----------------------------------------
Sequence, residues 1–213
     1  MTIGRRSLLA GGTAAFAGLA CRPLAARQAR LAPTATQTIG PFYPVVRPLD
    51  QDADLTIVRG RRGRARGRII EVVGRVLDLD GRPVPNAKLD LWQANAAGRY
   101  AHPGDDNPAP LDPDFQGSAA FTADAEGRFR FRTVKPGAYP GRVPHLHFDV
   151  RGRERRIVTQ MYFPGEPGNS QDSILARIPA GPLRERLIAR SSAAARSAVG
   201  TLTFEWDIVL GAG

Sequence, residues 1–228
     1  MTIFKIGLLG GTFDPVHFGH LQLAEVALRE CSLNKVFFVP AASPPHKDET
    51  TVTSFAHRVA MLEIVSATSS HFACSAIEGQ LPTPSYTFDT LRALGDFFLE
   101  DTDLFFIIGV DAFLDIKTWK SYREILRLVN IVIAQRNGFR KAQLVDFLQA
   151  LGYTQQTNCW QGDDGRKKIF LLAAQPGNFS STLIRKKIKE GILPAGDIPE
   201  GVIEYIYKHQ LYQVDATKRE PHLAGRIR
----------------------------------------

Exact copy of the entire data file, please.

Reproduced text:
Sequence, residues 1–213
     1  MTIGRRSLLA GGTAAFAGLA CRPLAARQAR LAPTATQTIG PFYPVVRPLD
    51  QDADLTIVRG RRGRARGRII EVVGRVLDLD GRPVPNAKLD LWQANAAGRY
   101  AHPGDDNPAP LDPDFQGSAA FTADAEGRFR FRTVKPGAYP GRVPHLHFDV
   151  RGRERRIVTQ MYFPGEPGNS QDSILARIPA GPLRERLIAR SSAAARSAVG
   201  TLTFEWDIVL GAG

Sequence, residues 1–228
     1  MTIFKIGLLG GTFDPVHFGH LQLAEVALRE CSLNKVFFVP AASPPHKDET
    51  TVTSFAHRVA MLEIVSATSS HFACSAIEGQ LPTPSYTFDT LRALGDFFLE
   101  DTDLFFIIGV DAFLDIKTWK SYREILRLVN IVIAQRNGFR KAQLVDFLQA
   151  LGYTQQTNCW QGDDGRKKIF LLAAQPGNFS STLIRKKIKE GILPAGDIPE
   201  GVIEYIYKHQ LYQVDATKRE PHLAGRIR